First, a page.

World Bee Day 20 May 2021
Bees are pollinators and play a critical role in healthy ecosystems, so are essential for our food production. Almost 90% of wild plants and 75% of leading global crops depend on animal pollination. One out of every three mouthfuls of our food depends on pollinators. Crops that depend on pollination are five times more valuable than those that do not.
Habitat loss and fragmentation combined with climate change are having huge impacts on bee populations. Local biodiversity is being negatively affected by the changing climate, and bees are being badly hit.
Bees can be found living in so many locations, some surprising: marshes, shingle, sand dunes, soft cliffs, heathlands, wetlands, chalk grasslands, quarries, gravel pits, sea walls and even post-industrial land.
B-Lines are an imaginative and beautiful solution to the problem of the loss of flowers and pollinators. The B-Lines are a series of ‘insect pathways’ running through our countryside and towns. They link existing wildlife areas together, creating a network, like a railway.
If you find a bumblebee which appears to be struggling, it may be that it is just resting, particularly if the bee is a queen in early spring. If you think the bee is struggling the best thing to do is gently put the bee onto a bee-friendly flower. If there are no bee-friendly flowers around, mix 50/50 white sugar and water to give the bumblebee a one-off energy boost, providing the carbohydrates it needs to fly.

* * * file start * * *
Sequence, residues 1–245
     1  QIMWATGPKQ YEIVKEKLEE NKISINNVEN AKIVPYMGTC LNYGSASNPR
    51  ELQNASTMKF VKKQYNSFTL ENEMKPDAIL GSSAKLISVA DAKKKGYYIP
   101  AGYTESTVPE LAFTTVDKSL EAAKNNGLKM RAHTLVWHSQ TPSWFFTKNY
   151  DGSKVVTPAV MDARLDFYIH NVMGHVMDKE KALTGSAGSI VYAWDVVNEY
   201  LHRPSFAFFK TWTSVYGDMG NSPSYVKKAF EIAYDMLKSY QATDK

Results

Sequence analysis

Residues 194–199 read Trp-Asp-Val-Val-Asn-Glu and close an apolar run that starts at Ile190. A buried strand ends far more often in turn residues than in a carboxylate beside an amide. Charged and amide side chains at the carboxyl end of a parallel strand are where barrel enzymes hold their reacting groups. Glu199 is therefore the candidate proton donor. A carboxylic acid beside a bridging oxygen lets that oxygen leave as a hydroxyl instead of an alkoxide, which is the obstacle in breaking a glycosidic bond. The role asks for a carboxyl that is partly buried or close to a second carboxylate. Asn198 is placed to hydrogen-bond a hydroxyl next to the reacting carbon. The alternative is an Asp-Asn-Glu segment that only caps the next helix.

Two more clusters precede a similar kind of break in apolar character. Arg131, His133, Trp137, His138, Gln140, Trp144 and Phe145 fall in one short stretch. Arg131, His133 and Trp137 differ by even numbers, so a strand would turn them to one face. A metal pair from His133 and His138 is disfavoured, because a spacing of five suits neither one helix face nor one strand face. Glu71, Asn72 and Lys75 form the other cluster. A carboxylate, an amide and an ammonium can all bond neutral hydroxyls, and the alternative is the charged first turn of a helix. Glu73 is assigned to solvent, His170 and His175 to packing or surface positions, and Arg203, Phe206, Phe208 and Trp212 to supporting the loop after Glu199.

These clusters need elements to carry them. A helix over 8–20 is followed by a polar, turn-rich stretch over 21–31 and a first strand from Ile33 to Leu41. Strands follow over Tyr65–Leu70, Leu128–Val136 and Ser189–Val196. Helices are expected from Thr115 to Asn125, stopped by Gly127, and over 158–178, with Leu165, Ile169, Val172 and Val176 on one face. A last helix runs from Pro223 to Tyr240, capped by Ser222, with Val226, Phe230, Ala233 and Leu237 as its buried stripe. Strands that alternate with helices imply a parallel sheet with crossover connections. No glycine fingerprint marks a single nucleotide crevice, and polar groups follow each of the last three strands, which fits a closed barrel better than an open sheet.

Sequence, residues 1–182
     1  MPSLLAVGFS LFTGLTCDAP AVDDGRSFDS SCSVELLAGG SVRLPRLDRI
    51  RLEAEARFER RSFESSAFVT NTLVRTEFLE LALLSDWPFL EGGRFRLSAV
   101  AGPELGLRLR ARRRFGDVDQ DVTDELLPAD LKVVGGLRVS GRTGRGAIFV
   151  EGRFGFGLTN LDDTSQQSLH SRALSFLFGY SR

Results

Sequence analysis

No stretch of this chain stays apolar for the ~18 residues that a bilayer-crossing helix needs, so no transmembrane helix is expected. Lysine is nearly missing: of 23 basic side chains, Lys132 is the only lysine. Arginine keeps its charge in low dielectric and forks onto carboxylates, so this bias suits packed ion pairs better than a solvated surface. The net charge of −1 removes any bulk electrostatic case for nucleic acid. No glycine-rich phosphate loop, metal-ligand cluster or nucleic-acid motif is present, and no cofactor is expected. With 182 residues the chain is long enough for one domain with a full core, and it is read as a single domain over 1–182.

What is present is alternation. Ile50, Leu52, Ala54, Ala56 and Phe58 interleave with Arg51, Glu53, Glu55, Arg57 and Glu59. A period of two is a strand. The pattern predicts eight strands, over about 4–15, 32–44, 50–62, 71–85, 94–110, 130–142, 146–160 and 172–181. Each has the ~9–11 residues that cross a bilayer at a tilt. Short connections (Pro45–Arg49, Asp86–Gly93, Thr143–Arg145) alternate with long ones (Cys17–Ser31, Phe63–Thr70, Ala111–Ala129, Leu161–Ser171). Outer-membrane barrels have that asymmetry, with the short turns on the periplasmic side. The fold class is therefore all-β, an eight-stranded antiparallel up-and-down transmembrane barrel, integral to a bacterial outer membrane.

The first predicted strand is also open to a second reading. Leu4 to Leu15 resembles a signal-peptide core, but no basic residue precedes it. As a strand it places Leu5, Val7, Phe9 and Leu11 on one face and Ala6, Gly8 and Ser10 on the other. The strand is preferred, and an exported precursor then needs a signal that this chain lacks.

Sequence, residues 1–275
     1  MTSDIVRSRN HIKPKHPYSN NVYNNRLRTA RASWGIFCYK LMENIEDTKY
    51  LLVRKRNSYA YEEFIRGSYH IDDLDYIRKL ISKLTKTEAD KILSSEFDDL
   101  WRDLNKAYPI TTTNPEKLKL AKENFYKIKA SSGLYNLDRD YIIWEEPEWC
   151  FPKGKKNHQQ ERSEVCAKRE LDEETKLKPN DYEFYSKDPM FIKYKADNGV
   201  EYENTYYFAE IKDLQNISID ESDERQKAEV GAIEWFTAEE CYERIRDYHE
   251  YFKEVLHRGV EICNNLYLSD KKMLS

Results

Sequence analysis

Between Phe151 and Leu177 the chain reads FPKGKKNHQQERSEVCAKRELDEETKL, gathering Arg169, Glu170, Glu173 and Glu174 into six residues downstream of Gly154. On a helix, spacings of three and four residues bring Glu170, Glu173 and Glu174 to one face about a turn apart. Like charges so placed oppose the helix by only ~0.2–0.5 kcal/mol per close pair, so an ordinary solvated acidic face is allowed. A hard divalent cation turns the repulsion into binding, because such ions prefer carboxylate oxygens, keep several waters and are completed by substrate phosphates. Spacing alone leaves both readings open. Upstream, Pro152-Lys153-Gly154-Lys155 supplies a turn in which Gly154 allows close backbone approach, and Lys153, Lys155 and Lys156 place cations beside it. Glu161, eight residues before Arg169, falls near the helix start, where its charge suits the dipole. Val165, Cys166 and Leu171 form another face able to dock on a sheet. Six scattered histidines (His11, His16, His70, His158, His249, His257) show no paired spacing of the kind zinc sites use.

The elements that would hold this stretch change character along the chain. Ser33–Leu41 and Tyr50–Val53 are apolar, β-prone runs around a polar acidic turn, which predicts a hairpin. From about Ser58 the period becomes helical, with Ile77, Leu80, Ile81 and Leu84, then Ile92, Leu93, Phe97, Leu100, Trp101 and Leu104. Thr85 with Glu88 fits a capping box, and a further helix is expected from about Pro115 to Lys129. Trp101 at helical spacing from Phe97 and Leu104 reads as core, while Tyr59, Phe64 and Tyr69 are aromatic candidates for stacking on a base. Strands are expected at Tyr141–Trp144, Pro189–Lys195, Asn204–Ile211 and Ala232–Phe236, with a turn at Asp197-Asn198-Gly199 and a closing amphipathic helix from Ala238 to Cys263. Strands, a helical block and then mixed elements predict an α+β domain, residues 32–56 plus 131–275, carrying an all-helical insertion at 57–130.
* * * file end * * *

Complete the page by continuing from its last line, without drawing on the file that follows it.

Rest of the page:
We can all do our bit to help bees whether that’s in our gardens, balconies or windowsills. Plant a range of flowers in your garden, so bees have access to nectar from March to October. Bees love traditional cottage garden flowers and native wildflowers, like primrose, buddleia, and marigolds. If you have space, leave a section of the garden untended – as some bees love long grass, or making nests in compost heaps or under hedgerows. Bees love large drifts of the same flowers. And they look spectacular as well!
When choosing honey - try to go for something local, from individual beekeepers who practice sustainability. Harmful chemicals are often used in agriculture to get rid of pests in our environment. Bees can pick up these insecticides when they are pollinating and take them back to the hive. This causes declines in the bee populations and can even make it into the honey we eat! If you choose to buy organic honey you are making sure that bees are pollinating in pesticide free areas.
In order to properly store food and avoid the release of toxic substances from plastic casings, an excellent solution is the use of beeswax food wraps, made of organic cotton soaked with beeswax, 100% natural and reusable - can be washed with water and a soft sponge.
Say Yes to Life, Earth Thanks! 🌿